DENVER, Colo. – When it comes to competing at a superspeedway with a restrictor plate requirement Regan Smith has mixed feelings.
The 29-year-old driver, who enjoys competing on NASCAR’s big tracks, will be looking to overturn a five-race superspeedway negative streak in Sunday’s Good Sam Road Assistance 500 at Talladega (Ala.) Superspeedway.
“We just haven’t been able to show our strength in recent superspeedway races,” said Smith. “Accidents and malfunctions have definitely short-circuited the potential of strong finishes.”
In the past five superspeedway races – three in Daytona and two in Talladega – Smith either took an early exit or limped home with a damaged race car. His most crushing blow during this period was back in May at Talladega when a blown engine sent him packing after only 15 laps into the race.
“We might not have fared well in the last five superspeedway races, but in each of those events the Furniture Row/Farm American Chevrolet had the potential of running up front with the contenders.”
Smith was involved in multicar accidents in last year’s summer race at Daytona and in Talladega’s fall race. The superspeedway misfortunes continued this season with an accident in the season-opening Daytona 500, an engine failure in the May Talladega race and an accident in the Daytona summer race.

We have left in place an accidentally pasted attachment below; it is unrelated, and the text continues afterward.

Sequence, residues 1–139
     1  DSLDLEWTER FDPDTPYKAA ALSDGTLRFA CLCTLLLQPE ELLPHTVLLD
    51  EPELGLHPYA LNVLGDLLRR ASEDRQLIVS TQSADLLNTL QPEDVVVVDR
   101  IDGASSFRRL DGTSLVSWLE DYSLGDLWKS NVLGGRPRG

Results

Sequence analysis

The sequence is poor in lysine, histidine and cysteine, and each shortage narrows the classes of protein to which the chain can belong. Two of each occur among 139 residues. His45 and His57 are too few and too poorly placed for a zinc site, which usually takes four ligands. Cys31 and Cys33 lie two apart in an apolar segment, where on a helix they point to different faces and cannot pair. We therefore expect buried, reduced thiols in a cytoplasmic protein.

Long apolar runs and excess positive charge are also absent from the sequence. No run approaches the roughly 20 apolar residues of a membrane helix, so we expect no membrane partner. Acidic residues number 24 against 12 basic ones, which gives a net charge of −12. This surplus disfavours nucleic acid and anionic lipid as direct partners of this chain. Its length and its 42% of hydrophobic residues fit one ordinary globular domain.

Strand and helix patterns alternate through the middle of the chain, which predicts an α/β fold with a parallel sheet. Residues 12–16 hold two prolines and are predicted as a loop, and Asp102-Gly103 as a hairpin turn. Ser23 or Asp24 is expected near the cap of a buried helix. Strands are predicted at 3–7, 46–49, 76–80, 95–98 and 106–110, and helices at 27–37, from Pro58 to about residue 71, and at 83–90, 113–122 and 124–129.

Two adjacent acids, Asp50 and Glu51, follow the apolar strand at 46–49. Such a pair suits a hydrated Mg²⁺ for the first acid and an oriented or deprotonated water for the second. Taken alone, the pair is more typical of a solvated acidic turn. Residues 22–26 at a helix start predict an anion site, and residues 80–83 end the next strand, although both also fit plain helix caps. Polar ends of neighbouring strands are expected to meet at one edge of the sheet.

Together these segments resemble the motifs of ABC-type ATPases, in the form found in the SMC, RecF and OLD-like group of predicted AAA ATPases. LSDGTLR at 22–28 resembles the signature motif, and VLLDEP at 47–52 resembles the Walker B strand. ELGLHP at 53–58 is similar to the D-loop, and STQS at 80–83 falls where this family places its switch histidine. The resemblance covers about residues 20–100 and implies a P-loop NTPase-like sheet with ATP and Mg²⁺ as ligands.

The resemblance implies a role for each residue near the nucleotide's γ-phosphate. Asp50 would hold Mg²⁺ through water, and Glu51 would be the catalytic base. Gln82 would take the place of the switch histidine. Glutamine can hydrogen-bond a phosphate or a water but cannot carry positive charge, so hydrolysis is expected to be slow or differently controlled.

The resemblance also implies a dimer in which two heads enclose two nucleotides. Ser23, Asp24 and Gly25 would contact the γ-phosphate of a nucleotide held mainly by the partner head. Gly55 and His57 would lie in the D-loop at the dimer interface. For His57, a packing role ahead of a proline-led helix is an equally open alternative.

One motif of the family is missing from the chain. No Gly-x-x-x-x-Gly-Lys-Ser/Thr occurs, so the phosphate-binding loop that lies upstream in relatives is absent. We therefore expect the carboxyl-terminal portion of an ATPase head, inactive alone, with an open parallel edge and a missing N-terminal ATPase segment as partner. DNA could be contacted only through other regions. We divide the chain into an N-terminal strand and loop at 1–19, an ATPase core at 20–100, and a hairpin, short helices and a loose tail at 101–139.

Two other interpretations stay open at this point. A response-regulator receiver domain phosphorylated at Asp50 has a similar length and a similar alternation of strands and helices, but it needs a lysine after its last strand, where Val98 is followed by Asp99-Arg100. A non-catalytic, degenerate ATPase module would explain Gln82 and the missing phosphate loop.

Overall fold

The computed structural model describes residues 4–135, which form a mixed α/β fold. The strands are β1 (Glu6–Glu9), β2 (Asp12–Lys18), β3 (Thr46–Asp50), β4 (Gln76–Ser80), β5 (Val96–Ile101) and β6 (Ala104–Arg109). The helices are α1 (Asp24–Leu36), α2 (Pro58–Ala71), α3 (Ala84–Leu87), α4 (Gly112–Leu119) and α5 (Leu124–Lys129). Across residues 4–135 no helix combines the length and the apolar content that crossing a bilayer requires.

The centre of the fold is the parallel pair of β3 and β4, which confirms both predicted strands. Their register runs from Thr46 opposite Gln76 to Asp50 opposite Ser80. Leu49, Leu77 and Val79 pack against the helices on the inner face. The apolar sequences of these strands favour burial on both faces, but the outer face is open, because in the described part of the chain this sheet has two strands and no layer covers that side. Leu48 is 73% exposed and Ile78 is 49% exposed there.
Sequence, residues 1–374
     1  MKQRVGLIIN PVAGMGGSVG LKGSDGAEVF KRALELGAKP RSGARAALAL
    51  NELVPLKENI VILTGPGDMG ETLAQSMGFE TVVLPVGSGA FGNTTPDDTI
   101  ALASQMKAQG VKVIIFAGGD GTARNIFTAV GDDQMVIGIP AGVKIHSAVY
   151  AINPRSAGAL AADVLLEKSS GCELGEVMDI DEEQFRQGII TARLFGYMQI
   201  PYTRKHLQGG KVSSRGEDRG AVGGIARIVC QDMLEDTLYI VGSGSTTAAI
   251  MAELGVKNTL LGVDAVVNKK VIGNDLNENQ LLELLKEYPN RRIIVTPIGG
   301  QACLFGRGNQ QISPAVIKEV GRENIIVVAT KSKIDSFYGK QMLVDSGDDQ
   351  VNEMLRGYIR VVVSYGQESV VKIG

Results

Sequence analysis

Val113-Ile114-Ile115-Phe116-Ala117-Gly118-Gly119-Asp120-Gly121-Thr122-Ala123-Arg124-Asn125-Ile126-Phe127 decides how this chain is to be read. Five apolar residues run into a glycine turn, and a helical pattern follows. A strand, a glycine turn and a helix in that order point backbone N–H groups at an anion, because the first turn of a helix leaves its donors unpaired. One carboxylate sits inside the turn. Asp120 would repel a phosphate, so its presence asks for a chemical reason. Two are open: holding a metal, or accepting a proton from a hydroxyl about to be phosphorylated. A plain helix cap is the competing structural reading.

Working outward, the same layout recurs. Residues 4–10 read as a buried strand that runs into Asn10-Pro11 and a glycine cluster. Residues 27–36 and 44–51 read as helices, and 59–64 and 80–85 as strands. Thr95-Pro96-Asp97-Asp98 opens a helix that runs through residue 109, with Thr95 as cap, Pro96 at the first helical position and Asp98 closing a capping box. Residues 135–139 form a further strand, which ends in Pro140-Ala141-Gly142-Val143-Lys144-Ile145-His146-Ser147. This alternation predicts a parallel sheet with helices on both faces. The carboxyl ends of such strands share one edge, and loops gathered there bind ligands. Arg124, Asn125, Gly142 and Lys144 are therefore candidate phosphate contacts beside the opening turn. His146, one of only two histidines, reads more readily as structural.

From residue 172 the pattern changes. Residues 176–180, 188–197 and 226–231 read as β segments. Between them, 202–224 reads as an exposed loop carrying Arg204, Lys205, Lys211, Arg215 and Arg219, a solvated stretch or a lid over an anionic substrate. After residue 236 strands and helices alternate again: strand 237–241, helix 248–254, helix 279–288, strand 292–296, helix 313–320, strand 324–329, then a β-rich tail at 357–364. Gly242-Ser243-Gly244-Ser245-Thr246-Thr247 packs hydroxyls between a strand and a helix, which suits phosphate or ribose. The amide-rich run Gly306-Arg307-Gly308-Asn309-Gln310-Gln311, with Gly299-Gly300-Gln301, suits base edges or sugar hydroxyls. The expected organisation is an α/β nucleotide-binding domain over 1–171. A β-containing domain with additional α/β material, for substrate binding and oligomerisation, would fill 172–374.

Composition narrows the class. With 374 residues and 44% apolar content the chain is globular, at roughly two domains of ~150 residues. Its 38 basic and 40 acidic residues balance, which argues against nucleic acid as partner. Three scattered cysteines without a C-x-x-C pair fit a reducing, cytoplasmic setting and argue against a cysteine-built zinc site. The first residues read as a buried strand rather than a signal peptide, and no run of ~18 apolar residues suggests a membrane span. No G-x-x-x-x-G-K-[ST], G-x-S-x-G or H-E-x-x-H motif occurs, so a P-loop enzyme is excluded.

“Hopefully it will be a different ending on Sunday,” stated Smith. “A lot of effort goes into building a superspeedway program and the guys at the shop and on the road deserve something good.”
When Smith refers to “something good” it’s not just a top-10 or top-five finish – it’s about winning the race, which he has unofficially managed to do in the past.
It’s been four years — Oct. 5, 2008 — when joy turned to utter shock for Smith at Talladega Superspeedway. While driving for Dale Earnhardt Inc., Smith crossed the finish line first in the 188-lap race, but after a brief celebration NASCAR ruled that he passed the lead car (Tony Stewart) on the final lap below the out-of-bounds yellow line. The victory went to Stewart while the penalty sent Smith to an 18th-place finish.
“It’s been four years, but what happened on that day is still vivid in my memory,” said Smith. “The bottom line is I still think I won the race. A victory on Sunday would of course ease that bad memory. The No. 78 Furniture Row/Farm American Chevy is definitely capable of being in Victory Lane.”